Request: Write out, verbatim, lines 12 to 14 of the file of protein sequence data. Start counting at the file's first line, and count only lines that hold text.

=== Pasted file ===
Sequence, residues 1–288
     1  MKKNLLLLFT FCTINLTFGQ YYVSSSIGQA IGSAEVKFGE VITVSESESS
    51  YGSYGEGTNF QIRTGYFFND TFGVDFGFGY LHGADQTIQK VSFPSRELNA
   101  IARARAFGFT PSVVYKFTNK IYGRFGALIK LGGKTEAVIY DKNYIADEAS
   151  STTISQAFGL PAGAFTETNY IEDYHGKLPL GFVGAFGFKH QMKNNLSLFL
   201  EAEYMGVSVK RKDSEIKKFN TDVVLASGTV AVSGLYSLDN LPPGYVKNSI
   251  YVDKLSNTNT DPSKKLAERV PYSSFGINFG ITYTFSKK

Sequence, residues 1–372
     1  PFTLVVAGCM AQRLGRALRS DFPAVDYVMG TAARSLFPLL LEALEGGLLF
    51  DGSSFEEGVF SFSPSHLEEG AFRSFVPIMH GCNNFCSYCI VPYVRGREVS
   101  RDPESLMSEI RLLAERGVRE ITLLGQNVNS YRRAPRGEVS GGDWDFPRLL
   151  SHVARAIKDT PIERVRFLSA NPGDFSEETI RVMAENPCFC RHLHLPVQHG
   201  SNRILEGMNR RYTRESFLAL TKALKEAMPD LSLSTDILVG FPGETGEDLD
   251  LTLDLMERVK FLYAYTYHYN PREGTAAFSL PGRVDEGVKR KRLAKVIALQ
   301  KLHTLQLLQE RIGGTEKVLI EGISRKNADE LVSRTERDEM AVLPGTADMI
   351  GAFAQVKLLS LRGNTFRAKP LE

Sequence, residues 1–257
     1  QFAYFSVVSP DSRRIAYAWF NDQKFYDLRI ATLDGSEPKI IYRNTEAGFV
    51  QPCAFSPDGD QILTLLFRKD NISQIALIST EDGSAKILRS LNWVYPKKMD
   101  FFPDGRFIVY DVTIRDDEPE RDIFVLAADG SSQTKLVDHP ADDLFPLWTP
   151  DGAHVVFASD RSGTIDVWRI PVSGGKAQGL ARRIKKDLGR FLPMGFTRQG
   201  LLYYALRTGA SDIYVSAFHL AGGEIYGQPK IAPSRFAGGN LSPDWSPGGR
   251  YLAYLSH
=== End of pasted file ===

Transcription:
   151  SHVARAIKDT PIERVRFLSA NPGDFSEETI RVMAENPCFC RHLHLPVQHG
   201  SNRILEGMNR RYTRESFLAL TKALKEAMPD LSLSTDILVG FPGETGEDLD
   251  LTLDLMERVK FLYAYTYHYN PREGTAAFSL PGRVDEGVKR KRLAKVIALQ